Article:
Returning home thus encouraged, her dramatic studies were resumed with fresh ardor. The question of the New York project was anxiously debated in the family councils. It was at length decided that Mary Anderson should receive some regular training for the stage; and accompanied by her mother she was soon afterward on her way to the Empire City, full of happiness and pride that the dream of her life seemed now within reach of attainment. Vandenhoff was paid a hundred dollars for ten lessons, and taught his pupil mainly the necessary stage business. This was, strictly speaking. Mary Anderson’s only professional training for a dramatic career. The stories which have been current since her appearance in London, as to her having been a pupil of Cushman, or of other distinguished American artists, are entirely apocryphal, and have been evolved by the critics who have given them to the world out of that fertile soil, their own inner consciousness. There is certainly no circumstance in her career which reflects more credit on Mary Anderson than that her success, and the high position as an artist she has won thus early in life, are due to her own almost unaided efforts. Well may it be said of her—
“What merit to be dropped on fortune’s
The honor is to mount it.”
Early years on the stage.
Between eight and nine years ago, Mary Anderson made her debut at Louisville, in the home of her childhood, and before an audience, many of whom had known her from a child. This was how it came about. The season had not been very successful at Macaulay’s Theater, and one Milnes Levick, an English stock-actor of the company, happened to be in some pecuniary difficulties, and in need of funds to leave the town. The manager bethought him of Mary Anderson, and conceived the bold idea of producing “Romeo and Juliet,” with the untried young novice in the role of Juliet for poor Levick’s benefit. It was on a Thursday that the proposition was made to her by the manager at the theater, and the performance was to take place on the following Saturday. Mary, almost wild with delight, gave an eager acceptance if she could but obtain her parents’ consent. The passers-by turned many of them that day to look at the beautiful girl, who flew almost panting through the streets to reach her home. The bell handle actually broke in her impetuous eager hands. The answer was “Yes,” and at length the dream of her life was realized. On the following Saturday, the 27th of November, 1875, after only a single rehearsal, and wearing the borrowed costume of the manager’s wife, who happened to be about the same size as herself, and without the slightest “make up,” Mary Anderson appeared as one of Shakespeare’s favorite heroines. She was announced in the playbills thus:—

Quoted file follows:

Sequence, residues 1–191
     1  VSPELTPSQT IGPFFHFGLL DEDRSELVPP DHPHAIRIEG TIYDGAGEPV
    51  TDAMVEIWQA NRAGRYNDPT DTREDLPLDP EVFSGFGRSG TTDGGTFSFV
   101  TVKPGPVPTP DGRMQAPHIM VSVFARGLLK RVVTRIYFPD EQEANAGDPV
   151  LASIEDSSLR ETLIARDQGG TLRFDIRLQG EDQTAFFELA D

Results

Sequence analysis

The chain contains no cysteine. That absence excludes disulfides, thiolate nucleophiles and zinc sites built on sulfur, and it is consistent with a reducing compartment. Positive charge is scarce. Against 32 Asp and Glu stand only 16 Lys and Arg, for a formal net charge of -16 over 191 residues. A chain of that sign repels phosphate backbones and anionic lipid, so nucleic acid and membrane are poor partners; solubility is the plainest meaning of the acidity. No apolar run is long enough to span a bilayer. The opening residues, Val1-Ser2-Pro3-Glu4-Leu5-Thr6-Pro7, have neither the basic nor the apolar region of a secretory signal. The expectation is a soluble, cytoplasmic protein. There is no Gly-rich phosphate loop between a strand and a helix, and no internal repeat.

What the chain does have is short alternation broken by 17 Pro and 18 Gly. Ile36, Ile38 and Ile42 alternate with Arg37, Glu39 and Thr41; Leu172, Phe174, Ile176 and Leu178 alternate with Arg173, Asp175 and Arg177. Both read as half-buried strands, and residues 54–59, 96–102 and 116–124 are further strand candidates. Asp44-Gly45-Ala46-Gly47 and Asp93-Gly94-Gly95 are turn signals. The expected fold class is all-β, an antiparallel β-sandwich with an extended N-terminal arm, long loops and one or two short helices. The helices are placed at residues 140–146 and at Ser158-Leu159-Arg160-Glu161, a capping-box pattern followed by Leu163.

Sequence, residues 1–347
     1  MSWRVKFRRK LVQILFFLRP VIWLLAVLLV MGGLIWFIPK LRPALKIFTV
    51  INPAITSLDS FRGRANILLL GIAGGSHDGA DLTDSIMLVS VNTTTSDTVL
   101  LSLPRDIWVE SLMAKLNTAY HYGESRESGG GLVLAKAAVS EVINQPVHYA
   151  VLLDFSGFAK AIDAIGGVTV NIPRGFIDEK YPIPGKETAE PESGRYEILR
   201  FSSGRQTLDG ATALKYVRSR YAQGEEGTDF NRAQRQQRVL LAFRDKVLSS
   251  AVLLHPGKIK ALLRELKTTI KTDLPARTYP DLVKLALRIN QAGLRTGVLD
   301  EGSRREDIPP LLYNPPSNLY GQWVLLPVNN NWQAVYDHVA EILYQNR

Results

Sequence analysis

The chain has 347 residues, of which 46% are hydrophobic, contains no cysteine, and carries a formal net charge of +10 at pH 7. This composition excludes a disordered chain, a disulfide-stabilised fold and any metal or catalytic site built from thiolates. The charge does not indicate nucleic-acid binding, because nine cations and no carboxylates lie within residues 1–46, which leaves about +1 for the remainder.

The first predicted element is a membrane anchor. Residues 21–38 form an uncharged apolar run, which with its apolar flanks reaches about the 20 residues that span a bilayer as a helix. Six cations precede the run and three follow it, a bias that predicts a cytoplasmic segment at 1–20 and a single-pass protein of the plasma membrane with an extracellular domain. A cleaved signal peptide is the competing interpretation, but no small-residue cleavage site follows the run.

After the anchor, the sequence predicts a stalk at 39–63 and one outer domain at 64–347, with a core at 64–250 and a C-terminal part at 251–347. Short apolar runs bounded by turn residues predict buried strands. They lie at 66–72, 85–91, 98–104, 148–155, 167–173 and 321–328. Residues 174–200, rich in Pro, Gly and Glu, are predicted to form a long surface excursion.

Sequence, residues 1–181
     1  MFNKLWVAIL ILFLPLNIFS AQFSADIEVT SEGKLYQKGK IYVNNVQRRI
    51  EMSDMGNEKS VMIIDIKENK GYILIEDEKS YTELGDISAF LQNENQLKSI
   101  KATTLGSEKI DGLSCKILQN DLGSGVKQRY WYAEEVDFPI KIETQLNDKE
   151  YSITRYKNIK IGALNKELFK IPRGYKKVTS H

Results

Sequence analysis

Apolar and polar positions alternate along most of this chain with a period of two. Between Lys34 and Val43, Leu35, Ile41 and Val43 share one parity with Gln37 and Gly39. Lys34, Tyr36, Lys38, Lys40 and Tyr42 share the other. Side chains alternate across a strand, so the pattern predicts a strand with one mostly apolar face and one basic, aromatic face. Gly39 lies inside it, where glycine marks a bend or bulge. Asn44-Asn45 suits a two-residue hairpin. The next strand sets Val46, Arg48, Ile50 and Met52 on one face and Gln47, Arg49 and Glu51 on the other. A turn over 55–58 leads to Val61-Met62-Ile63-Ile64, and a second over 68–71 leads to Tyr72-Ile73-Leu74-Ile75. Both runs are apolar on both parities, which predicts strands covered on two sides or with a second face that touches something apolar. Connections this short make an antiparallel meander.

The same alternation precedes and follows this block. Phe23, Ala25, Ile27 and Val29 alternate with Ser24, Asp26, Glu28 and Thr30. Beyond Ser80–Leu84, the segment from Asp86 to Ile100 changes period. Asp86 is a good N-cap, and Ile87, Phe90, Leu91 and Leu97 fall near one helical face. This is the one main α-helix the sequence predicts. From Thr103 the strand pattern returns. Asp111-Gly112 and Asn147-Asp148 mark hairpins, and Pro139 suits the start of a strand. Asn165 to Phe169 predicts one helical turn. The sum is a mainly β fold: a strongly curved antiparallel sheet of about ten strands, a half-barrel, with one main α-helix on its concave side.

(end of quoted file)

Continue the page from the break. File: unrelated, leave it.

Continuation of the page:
Juliet . .
By A Louisville young lady.
(Her first appearance on any stage.)